Not another book review – Writing instead

Actually, this is sort of another book review, but as an excuse for some extensive quoting about writing fiction.  So first, let’s get the review bit out of the way. A friend lent me her copy of Knave of Spades, a memoir by Alan Titchmarsh. It is an elegant, charming and easy to read auto-biographical book covering aspects of his life from childhood to current days. It intrigued me to learn that the author had failed his 11-plus and left school at 15. I was further entranced by his journey via apprenticeship into education and the lofty world of Kew Gardens, followed in due course by writing and presenting on radio and television. An excellent easy read for anyone who likes finding out about people and what motivates them.

It’s what he says about Writing that amused me. And made me feel like getting back to the Creative Writing stage that winter heralds. He says:

Writing fiction is agony and ecstasy in equal measure, depending on how the day is going. I do not write groundbreaking literature. Neither am I of the deeply cerebral or highly esoteric school. I write what I hope are well-crafted stories that will take you out of yourself.

Just so …….. exactly what I would love to do, then he goes on to tell a wonderful story. He was attending the British Book Awards:

As prize-winning authors steppedup to collect their (awards), Jeffrey Archer leaned across to Jilly Cooper and whispered, “What wouldn’t we give for one of those?”. Jilly whispered back, “And what wouldn’t thy give for sales like ours?”

And I love the way he speaks about his potential readers:

It is the hope of every novelist that their work will be taken up and discovered to be “unputdownable”, wherever the reader may be. I do not care whether my novels are bought in hardback or paperback, taken out of the library or snapped up for 50p from a charity shop. They can be read on the bus or the train, in a book-lined study or on a lilo, by butcher, baker, computer-maker or housewife. They can be denounced as of little consequence and ignored by the classier literary supplements. It matters not. Provided that they can give the reader a day or two of escapism, and a fraction of the pleasure that they give me to write, I ask no more.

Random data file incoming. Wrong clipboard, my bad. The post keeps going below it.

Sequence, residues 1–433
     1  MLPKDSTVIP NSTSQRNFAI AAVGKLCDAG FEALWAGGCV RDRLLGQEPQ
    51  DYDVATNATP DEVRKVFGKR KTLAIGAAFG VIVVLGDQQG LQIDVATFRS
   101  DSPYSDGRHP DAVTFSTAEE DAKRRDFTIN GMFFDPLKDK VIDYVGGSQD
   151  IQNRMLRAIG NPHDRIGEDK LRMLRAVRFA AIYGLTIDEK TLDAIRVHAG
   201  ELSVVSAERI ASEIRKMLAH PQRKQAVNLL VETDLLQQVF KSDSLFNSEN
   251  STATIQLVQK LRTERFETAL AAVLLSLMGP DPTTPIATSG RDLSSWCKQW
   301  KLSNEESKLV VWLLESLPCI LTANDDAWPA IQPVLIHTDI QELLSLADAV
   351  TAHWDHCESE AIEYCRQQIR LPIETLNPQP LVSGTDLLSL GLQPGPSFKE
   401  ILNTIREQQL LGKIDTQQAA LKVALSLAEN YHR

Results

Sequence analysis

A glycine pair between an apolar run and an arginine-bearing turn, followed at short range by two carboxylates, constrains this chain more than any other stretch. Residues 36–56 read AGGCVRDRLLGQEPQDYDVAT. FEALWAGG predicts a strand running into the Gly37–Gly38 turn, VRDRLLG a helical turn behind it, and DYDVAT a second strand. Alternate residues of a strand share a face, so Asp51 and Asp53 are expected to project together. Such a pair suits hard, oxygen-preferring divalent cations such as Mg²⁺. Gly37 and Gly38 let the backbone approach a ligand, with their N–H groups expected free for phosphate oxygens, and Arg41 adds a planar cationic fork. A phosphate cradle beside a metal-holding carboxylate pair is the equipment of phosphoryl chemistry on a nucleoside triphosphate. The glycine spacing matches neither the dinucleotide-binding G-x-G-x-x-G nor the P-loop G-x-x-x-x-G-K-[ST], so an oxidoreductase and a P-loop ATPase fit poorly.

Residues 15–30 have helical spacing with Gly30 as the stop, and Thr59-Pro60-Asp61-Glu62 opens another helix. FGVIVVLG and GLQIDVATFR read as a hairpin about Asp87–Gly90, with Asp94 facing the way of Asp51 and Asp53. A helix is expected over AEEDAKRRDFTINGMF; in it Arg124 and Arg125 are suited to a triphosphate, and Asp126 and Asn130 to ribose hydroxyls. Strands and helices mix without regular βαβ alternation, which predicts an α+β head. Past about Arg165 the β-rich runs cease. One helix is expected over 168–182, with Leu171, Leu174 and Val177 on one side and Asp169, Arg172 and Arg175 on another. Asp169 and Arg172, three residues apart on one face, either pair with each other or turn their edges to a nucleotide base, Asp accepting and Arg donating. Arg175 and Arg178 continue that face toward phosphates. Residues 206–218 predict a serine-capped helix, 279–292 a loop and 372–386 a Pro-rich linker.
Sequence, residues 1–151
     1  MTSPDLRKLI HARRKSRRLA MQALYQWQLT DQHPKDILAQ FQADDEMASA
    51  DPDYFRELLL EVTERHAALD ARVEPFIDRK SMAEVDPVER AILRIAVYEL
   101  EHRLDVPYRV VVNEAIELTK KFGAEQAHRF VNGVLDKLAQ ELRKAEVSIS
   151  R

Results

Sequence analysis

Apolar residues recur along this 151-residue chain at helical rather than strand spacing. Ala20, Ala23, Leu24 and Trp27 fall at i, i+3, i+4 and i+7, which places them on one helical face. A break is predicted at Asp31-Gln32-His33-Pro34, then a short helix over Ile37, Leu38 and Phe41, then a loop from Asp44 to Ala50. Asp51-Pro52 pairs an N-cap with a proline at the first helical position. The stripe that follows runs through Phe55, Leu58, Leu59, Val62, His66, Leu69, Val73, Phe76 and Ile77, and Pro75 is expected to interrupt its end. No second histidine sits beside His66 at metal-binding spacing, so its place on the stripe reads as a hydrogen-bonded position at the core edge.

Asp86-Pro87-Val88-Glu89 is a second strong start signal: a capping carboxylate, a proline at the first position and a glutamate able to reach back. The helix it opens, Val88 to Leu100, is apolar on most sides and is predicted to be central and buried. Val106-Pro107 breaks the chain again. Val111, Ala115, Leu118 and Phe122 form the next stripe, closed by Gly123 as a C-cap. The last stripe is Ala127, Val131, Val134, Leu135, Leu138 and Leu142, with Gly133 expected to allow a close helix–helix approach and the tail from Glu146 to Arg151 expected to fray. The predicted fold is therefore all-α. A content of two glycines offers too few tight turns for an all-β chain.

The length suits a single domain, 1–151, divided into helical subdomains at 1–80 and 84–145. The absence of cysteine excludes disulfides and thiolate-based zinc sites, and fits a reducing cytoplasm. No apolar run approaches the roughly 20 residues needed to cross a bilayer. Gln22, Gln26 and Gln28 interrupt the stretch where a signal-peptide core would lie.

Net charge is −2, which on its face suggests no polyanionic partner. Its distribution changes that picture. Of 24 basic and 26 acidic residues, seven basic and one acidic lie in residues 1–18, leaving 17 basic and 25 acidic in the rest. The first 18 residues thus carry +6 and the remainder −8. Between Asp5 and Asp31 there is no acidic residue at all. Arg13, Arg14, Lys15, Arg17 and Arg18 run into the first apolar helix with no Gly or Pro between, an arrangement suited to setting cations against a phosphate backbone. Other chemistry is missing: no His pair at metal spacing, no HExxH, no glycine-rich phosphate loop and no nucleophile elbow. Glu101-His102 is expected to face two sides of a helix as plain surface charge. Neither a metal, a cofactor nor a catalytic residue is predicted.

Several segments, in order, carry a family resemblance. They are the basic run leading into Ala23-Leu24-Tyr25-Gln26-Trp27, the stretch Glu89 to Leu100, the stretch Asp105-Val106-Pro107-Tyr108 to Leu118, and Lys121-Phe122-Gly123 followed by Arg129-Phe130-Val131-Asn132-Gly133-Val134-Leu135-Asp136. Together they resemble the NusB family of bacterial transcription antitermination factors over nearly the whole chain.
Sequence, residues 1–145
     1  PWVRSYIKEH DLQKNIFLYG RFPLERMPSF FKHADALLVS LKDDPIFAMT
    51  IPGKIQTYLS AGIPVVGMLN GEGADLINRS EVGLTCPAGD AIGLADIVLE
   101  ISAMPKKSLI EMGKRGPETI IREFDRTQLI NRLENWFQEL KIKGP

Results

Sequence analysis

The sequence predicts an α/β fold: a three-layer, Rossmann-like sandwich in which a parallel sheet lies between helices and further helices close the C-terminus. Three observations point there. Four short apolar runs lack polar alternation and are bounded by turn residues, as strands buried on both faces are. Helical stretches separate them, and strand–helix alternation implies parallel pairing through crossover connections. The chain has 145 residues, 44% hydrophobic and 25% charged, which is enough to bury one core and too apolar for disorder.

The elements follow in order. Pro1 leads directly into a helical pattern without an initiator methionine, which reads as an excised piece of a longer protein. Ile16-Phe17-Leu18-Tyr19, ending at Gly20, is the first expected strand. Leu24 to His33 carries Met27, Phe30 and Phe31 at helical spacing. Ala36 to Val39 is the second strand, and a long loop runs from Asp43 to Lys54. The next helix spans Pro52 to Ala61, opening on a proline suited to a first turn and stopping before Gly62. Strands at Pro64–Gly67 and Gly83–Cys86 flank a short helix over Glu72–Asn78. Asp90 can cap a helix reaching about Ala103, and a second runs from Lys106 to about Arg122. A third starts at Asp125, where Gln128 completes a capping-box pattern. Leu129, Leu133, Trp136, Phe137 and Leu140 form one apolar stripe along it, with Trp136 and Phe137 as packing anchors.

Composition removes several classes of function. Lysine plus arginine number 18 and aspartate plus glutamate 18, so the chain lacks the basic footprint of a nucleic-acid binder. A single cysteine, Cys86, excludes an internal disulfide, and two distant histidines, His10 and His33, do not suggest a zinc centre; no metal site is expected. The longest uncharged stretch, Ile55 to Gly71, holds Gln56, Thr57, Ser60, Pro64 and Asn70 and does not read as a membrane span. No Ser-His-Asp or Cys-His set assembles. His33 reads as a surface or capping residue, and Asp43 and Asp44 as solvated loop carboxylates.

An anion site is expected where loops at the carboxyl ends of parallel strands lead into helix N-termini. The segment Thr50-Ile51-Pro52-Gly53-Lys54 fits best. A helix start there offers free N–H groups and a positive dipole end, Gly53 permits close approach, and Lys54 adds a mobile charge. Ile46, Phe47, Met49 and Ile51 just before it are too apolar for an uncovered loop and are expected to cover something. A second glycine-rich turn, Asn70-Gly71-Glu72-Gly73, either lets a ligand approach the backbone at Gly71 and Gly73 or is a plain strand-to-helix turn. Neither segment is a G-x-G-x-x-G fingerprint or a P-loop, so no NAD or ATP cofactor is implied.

Brilliant. And after all, I do write the blog……….. and autumn is coming…..time to write!

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8 Responses to Not another book review – Writing instead

  1. Tabor says:

    While being rewarded with money, the best reward, of course, is to be read.

  2. Pingback: Not another book review – Writing instead | What's the Story in … | eBook Reviews

  3. Lydia says:

    Yea! It is a good day because I am able to access the link to your blog!
    Just the cover photo on his book would get me to pick it up in the store. He sounds very interesting and light-hearted.

    I was thinking just yesterday that autumn is approaching and of all the things I haven’t accomplished, then realized it is unlikely anything will happen to speed things along now that the summer sun is getting low. Yup, time to write!

  4. Marcia Mayo says:

    I’m even wondering now if the best reward is just to write.

  5. Mina says:

    Glad you enjoyed it – I liked the bits you quoted too. But my favourite, which I can’t quote right now, is the one about the idiocy of the current Health & Safety regulations.

  6. freda says:

    Reading the memoir has certainly made me want to read some of his novels. Just for fun!

  7. wisewebwoman says:

    Maybe the best reward is to be read?
    To be read with jawdropping appetite for the next paragraph?
    Aye, that’s it!
    Lovely blog, I’ll be back.

  8. freda says:

    You’re right, Wisewebwoman, being read is the aim – though we are all writers simply because we blog. Keep blogging yourself.

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